In many European cities, beer has been a part of life since the Middle Ages. Over the centuries, Germans, Irish, Scots, Czechs, and Belgians have perfected their recipes for brewing ale, lager, stout, draught, pilsner, and more. From the Oktoberfest tents in Munich to the historic pubs of Dublin, Europe’s historic cities can be best explored while tasting their finest and proudest brews. Ready to take a break from sightseeing, relax in a pub, and chat with some locals? Here’s where to find Europe’s best beer:
Ireland’s most famous export might be its legendary Guinness stout. Drinking beer is a way of life on the Emerald Isle, and pubs are embedded in the social fabric of the country. Visit St. James’s Gate Brewery, where Guinness has been brewed since 1759, and enjoy a perfectly pulled pint in the Gravity Bar. Then, venture out into the Irish capital’s medieval streets to find countless pubs and traditional alehouses lining the city streets. The traditional Stag’s Head pub is a Dublin beer drinking institution, and the The Auld Dubliner has traditional music sessions that are not to be missed. For a pub with a slightly more modern twist, visit the multi-level Porterhouse in Temple Bar, which has nine exclusive beers worth sampling.
Find the Gift of the Gab in Ireland
Prague, Czech Republic
It has been said that beer is deeply rooted in the Czech psyche. The Czech people are arguably the largest consumers of beers in world, and they are believed to have invented pilsner. The original Budweiser (or “Budvar”) was invented here, along with the Pilsner Urquell, which was developed in Plzen in 1842. Prague also happens to be among the cheapest places in Europe for drinking amber ale. In the well-preserved Czech capital, crowded beer houses are filled with long wooden tables. Traditionally, bars here pour only one type of beer. Check the sign outside the pub to find out which one!
Beer has been produced in Scotland for approximately 5,000 years and the Celtic tradition of using bittering herbs remained in Scotland longer than the rest of Europe. It has been said that Edinburgh could rival Dublin for the highest concentration of pubs in Europe. Regardless of which city wins the accolade, the cultural capital of Scotland has a remarkable craft beer movement that’s definitely worth checking out. Visit The Hanging Bat, which has become synonymous with craft beer in Edinburgh. This pub is a beer lover’s mecca, with many claiming a barstool to enjoy a remarkably curated range of high quality beers. For a more traditional Scottish pub experience, visit the historic Oxford Bar.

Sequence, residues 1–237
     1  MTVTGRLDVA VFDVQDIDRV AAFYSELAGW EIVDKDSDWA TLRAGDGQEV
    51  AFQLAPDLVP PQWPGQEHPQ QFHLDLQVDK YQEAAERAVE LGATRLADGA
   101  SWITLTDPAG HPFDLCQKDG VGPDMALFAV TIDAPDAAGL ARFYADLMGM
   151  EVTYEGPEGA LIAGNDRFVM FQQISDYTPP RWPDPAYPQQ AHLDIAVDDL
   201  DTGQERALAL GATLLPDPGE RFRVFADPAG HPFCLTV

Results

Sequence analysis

There are some 600 varieties of beer on tap throughout Belgium, from brightwitbiers to rich Trappist ales, and Brussels is the centre of Belgium’s huge beer industry. Many modern beers are infused with fruit, like morello cherries or strawberries. In Brussels, the alcohol content is high and the watering holes are delightful. Quench your thirst at Delirium Café in the old town’s Ilot Sacré, or visit legendary pubs Le Falstaff or Le Bier Circus. If you want to have a drink while people-watching, take a seat at the Art Deco brasserie, A La Mort Subite, off the Grand Place with its 13th-century guild houses. If you visit Brussels during September, catch the annual Belgium Beer Weekend. You can experience 225 beers in one place.
It was 200 years ago that Oktoberfest was first celebrated in honour of the marriage of Germany’s Crown Prince Ludwig. Since then, Oktoberfest has evolved into a 16-day extravaganza celebrating Bavarian culture, heritage, and of course, beer. The annual event attracts millions to Munich and is also celebrated in spin-off parties around the world. However, getting a taste of this southern German city is a great idea any time of year. The city has 36 delightful biergartens. Sample a classic Munich Helles pale lager from one of the city’s six main breweries, and be sure to check out Weihenstephan, the world’s oldest brewery, while you’re here. Cheers!
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